The Moorcock (1889) 14 PD 64
Ship damaged at defendant’s jetty; whether implied term to take reasonable care
Ship-owners contracted with the defendant wharfingers to discharge a ship at their jetty. The jetty extended into the River Thames where the ship must necessarily ground at low water. The river-bed adjacent to the jetty was not vested in the wharfingers, and they had no control over it. They had taken no steps to determine whether the space was safe for the ship and, on grounding, she suffered damage because of the uneven nature of the river-bed next to the jetty. The ship-owners claimed for breach of contract.
The wharfingers contended there was no term of the contract stating they were under a duty to ascertain the state of the river-bed. There was no implied warranty that the space was a safe place for the ship, and nor had there been any representation that the condition of the river-bed had been checked. There was no evidence of a lack of reasonable care and the wharfingers had no way of foreseeing the risk of damage to the ship. The ship-owners argued it must have been an implied term of the contract that the river-bed was safe, because the jetty could not be used at all without the vessel grounding at low water. The wharfingers must be held to have warranted they had taken reasonable care to ascertain the river-bed was safe for the ship to lie on.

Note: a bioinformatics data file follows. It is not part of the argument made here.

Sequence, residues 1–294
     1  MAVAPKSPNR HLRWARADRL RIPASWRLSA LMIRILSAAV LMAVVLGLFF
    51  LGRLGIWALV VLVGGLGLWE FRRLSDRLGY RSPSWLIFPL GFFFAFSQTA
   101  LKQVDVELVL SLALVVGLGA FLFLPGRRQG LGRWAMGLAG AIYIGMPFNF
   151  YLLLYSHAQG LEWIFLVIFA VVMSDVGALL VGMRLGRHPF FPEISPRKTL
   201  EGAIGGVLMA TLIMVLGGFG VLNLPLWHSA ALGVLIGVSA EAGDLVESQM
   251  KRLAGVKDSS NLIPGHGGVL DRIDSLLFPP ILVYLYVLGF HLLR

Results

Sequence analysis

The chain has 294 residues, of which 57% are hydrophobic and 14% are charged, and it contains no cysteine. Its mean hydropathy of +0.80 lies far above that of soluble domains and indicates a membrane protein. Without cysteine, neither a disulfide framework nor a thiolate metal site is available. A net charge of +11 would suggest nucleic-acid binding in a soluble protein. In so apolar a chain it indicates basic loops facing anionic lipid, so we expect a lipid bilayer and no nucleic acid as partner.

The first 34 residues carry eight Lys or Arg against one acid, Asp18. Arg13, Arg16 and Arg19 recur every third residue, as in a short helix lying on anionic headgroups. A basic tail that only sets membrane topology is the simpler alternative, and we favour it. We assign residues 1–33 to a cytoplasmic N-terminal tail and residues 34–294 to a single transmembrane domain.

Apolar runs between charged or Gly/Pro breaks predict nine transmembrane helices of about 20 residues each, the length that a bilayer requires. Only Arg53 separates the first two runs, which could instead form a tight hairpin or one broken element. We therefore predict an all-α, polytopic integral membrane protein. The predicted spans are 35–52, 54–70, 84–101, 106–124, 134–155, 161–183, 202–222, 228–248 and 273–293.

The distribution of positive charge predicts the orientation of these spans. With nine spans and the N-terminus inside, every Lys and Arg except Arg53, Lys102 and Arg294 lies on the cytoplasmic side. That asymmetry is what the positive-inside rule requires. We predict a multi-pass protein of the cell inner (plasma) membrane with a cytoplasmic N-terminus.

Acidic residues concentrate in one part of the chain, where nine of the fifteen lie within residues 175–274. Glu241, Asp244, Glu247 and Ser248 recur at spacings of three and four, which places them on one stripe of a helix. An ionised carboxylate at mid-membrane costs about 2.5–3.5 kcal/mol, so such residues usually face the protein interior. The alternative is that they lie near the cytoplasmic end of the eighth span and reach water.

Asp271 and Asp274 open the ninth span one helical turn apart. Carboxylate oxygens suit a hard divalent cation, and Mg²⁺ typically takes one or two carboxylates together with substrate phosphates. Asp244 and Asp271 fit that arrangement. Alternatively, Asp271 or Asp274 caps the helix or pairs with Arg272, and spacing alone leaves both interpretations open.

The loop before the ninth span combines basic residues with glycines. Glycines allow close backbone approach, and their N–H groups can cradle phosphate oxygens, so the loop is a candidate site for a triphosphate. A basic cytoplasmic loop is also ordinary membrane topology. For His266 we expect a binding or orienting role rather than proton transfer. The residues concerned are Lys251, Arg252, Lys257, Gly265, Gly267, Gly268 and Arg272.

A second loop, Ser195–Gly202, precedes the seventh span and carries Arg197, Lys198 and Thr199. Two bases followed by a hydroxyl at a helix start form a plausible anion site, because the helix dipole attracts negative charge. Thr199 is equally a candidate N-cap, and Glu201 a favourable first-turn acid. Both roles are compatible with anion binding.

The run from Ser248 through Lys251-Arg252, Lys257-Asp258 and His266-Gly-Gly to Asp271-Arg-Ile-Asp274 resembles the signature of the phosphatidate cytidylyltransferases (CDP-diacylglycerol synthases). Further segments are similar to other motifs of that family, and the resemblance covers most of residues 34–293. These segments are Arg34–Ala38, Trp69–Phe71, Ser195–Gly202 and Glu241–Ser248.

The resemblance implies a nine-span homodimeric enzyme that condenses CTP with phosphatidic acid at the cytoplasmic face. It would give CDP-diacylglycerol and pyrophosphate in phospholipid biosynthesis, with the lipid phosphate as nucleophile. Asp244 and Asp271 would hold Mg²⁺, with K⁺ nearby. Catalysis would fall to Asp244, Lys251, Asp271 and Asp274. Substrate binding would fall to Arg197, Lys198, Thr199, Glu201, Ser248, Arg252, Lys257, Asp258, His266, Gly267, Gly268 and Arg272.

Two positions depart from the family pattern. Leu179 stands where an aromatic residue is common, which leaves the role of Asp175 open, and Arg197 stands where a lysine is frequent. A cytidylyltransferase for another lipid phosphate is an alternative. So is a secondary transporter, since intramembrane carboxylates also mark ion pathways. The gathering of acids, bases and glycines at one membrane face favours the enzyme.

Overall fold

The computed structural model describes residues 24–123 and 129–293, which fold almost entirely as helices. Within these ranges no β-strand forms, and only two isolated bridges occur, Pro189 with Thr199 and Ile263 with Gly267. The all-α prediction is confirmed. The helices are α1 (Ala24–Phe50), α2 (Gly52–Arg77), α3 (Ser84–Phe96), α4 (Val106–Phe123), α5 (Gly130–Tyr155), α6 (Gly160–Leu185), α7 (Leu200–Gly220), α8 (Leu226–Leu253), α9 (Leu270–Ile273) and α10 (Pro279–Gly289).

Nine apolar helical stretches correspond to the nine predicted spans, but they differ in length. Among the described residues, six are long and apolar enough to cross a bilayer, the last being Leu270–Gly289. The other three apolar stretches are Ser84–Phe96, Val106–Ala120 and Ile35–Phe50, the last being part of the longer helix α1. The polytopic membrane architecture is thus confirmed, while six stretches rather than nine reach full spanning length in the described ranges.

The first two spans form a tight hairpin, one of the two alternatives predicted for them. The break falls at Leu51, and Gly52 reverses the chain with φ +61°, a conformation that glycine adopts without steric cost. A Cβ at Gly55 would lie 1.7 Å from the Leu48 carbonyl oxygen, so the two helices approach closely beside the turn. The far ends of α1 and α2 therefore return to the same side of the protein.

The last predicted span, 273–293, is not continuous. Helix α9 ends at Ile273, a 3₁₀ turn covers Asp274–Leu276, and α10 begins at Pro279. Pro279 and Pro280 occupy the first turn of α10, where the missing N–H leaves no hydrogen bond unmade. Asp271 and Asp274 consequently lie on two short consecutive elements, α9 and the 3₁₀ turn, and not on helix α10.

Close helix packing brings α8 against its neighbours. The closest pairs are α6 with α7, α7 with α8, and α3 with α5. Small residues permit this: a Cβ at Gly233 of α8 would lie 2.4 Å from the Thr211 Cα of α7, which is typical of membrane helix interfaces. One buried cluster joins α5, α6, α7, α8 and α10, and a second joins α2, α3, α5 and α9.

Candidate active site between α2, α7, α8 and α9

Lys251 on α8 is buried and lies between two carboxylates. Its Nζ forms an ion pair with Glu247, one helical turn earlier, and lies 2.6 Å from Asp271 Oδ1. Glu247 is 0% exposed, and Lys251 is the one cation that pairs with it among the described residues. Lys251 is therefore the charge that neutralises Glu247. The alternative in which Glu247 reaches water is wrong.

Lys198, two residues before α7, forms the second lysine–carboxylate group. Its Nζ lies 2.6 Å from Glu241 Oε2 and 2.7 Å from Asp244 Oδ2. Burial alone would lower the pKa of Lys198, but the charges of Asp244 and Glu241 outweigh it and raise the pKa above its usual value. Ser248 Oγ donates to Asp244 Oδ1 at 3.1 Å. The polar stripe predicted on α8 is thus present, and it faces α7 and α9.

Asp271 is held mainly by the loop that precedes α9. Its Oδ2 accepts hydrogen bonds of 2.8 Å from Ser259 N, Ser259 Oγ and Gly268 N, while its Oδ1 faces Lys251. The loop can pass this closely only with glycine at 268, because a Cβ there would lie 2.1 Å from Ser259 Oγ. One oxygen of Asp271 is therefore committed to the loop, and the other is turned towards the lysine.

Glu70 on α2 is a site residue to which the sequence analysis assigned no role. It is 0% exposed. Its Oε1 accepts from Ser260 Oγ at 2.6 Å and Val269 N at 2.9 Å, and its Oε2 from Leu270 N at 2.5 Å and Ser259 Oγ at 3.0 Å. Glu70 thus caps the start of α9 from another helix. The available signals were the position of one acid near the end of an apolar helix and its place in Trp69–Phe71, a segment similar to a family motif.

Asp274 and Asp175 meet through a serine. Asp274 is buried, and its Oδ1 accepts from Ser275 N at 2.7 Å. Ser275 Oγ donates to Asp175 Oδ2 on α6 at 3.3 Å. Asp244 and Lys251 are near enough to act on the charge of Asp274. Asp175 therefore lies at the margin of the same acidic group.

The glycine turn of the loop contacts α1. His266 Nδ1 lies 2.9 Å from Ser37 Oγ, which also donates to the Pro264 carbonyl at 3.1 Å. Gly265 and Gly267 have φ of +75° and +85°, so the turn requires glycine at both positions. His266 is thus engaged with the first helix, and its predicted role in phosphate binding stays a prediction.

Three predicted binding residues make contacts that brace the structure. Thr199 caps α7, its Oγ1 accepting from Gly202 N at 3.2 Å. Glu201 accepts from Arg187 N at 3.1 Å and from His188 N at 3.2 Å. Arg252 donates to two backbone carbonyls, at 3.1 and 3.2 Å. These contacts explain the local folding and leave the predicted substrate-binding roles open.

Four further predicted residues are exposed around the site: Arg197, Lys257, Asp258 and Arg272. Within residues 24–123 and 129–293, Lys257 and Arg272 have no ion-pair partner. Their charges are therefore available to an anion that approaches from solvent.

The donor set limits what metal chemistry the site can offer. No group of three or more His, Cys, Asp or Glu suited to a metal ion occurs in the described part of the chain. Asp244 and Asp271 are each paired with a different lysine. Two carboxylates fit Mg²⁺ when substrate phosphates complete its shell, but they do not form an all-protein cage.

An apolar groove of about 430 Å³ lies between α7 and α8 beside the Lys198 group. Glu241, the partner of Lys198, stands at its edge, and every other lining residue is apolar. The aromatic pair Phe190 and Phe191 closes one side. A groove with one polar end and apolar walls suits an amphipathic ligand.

The ship owners were successful in their claim. The whole purpose of the contract was to use the jetty and the jetty could not be used without the vessel grounding. The wharfingers must, therefore, be deemed to have impliedly warranted they had taken reasonable steps to ensure the vessel could safely ground without suffering damage.